Social Justice, Environmental Groups May Number a Million
Hawken, Paul, CCPA Monitor
GOAL IS NOT TO SAVE THE WORLD, BUT RE-MAKE IT:
I have given nearly 1,000 talks about the environment in the past 15 years, and after every speech a smaller crowd gathered to talk, ask questions, and exchange business cards. The people offering their cards were working on the most salient issues of our day: climate change, poverty, deforestation, peace, water, hunger, conservation, human rights, and more. They were from the non-profit and nongovernmental world, also known as civil society. They looked after rivers and bays, educated consumers about sustainable agriculture, retrofitted houses with solar panels, lobbied legislatures about pollution, fought against corporate-weighted trade policies, worked to green inner cities, or taught children about the environment. Quite simply, they were trying to safeguard nature and ensure justice.
After being on the road for a week or two, I would return with a couple hundred cards stuffed into various pockets. I would lay them out on the table in my kitchen, read the names, look at the logos, envisage the missions, and marvel at what groups do on behalf of others. Later, I would put them into drawers or paper bags, keepsakes of the journey. I couldn't throw them away.
Over the years the cards mounted into the thousands, and whenever I glanced at the bags in my closet, I kept coming back to one question: did anyone know how many groups there were? At first, this was a matter of curiosity, but it slowly grew into a hunch that something larger was afoot, a significant social movement that was eluding the radar of mainstream culture.
I began to count. I looked at government records for different countries and, using various methods to approximate the number of environmental and social justice groups from tax census data, I initially estimated that there were 30,000 environmental organizations strung around the globe; when I added social justice and indigenous organizations, the number exceeded 100,000.1 then researched past social movements to see if there were any equal in scale and scope, but I couldn't find anything. The more I probed, the more I unearthed, and the numbers continued to climb. In trying to pick up a stone, I found the exposed tip of a geological formation. I discovered lists, indexes, and small databases specific to certain sectors or geographic areas, but no set of data came close to describing the movement's breadth.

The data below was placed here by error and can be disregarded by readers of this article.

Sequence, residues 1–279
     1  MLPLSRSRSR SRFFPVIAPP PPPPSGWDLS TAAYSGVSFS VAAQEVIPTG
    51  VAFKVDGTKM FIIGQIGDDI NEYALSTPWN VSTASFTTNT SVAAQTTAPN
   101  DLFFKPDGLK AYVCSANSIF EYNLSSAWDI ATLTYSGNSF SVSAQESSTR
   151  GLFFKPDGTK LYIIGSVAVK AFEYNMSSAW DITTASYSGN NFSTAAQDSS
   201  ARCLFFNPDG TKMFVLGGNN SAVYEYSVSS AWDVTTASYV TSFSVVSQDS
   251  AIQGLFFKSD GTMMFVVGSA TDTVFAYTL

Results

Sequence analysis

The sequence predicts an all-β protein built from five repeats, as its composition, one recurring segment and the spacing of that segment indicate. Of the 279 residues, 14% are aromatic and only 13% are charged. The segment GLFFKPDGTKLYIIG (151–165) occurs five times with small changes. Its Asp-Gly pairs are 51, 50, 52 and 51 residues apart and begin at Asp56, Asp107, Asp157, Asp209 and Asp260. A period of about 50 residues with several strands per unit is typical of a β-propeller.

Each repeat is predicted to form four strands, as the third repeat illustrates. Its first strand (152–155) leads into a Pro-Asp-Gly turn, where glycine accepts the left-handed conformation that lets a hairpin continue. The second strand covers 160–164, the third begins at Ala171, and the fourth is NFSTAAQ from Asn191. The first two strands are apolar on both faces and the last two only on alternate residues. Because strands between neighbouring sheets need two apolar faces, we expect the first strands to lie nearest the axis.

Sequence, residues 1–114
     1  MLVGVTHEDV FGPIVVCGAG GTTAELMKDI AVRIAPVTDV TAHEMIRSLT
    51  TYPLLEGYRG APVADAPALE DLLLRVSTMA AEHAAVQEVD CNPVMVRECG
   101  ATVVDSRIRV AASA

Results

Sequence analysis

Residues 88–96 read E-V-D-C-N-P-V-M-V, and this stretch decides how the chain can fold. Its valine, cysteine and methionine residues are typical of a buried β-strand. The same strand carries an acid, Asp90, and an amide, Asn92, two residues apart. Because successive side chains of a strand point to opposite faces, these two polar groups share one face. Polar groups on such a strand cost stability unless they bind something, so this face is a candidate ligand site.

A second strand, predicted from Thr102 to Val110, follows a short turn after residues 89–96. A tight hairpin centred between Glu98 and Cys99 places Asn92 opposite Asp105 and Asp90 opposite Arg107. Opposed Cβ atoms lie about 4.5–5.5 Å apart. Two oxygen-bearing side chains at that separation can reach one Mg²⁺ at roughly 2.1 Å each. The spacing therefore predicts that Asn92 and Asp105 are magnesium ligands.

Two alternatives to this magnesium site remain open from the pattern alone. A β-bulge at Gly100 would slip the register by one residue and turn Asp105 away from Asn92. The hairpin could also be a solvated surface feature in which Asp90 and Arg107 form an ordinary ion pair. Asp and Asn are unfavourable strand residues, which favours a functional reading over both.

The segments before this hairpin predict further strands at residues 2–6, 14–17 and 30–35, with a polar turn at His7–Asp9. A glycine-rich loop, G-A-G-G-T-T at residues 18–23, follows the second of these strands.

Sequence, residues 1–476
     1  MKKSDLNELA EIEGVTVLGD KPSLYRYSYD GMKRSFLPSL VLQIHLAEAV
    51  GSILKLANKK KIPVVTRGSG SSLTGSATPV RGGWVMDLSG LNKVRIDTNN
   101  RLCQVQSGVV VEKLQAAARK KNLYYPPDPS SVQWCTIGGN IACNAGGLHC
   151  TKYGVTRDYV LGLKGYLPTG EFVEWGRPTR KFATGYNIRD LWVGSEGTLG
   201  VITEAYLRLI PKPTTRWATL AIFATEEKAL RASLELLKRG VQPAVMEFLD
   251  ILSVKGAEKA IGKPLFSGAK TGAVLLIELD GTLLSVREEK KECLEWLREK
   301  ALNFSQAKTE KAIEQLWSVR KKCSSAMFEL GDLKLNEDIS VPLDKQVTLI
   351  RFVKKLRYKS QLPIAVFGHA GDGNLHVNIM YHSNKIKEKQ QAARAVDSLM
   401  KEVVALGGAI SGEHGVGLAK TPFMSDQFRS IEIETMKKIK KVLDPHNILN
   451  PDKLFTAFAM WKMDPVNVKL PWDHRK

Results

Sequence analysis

Extrapolating from the records being accessed, I realized that the initial estimate of 100,000 organizations was off by at least a factor of ten. I now believe there are over a million organizations working toward ecological sustainability and social justice. Maybe 2 million.
By conventional definition, this is not a movement. Movements have leaders and ideologies. You join movements, study tracts, and identify yourself with a group. You read the biography of the founder(s) or listen to them perorate on tape or in person. Movements have followers, but this movement doesn't work that way. It is dispersed, inchoate, and fiercely independent. There is no manifesto or doctrine, no authority to check with.
I sought a name for it, but there isn't one.
Historically, social movements have arisen primarily because of injustice, inequalities, and corruption. Those woes remain legion, but a new condition exists that has no precedent: the planet has a life-threatening disease that is marked by massive ecological degradation and rapid climate change. It crossed my mind that perhaps I was seeing something organic, if not biologic. Rather than a movement in the conventional sense, is it a collective response to threat? Is it splintered for reasons that are innate to its purpose? Or is it simply disorganized? More questions followed. How does it function? How fast is it growing? How is it connected? Why is it largely ignored?
After spending years researching this phenomenon, including creating with my colleagues a global database of these organizations, I have come to these conclusions: this is the largest social movement in all of history; no one knows its scope; and how it functions is more mysterious than what meets the eye. …